Stable isotope analysis of the first fossilized Eremotherium laurillardi remains from Belize offers valuable insights into the conditions within which this individual lived and its ability to adapt to the increasing aridity of the Last Glacial Maximum (LGM). Cathodoluminescence (CL) microscopy was used to identify chemical alteration of the tooth during fossilization. Results demonstrate that the inner orthodentin resists diagenesis, yielding potentially unaltered values. Using an intensive "vacuum milling" technique, the inner orthodentin produced an accelerator mass spectrometry (AMS) date of 26,975 ± 120 calibrated years before the present. The stable carbon and oxygen isotope analysis of this layer shows that the tooth recorded two wet seasons separated by one longer dry season and that this sloth was able to adapt its diet to the marked seasonality of the LGM. This study offers new insights into obtaining reliable isotope data from fossilized remains and suggests that this individual adapted to climate shifts, contributing to the conversation surrounding megafauna extinction.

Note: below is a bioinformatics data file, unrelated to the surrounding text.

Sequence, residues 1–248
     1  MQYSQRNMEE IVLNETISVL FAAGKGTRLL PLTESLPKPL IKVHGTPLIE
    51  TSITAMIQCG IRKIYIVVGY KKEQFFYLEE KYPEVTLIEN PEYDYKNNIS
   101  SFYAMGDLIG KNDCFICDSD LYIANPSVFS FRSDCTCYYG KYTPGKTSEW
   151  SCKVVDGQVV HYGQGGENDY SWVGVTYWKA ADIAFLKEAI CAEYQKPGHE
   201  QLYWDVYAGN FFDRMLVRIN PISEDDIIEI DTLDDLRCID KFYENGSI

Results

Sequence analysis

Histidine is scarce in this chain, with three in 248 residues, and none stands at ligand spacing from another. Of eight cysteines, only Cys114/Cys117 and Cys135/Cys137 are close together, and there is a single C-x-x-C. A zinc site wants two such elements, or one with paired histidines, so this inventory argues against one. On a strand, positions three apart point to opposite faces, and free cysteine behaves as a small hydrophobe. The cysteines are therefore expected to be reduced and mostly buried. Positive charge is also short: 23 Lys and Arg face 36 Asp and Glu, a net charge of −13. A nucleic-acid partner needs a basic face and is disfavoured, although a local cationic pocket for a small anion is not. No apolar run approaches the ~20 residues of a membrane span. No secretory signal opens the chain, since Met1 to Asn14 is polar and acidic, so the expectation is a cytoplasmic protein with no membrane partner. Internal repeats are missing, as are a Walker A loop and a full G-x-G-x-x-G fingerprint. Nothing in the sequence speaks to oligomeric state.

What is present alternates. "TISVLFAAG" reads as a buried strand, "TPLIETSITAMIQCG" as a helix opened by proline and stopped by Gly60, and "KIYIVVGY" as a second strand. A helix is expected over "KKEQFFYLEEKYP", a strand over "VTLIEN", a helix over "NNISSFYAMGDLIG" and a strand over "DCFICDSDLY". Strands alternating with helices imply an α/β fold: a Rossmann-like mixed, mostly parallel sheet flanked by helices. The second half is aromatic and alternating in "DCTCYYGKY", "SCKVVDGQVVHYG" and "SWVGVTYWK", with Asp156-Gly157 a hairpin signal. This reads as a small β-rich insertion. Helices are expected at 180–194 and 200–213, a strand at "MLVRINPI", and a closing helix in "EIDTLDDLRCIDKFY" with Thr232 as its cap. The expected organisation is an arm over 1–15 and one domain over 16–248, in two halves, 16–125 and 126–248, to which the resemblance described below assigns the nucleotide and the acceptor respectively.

ASJC Scopus subject areas
- Physics and Astronomy (miscellaneous)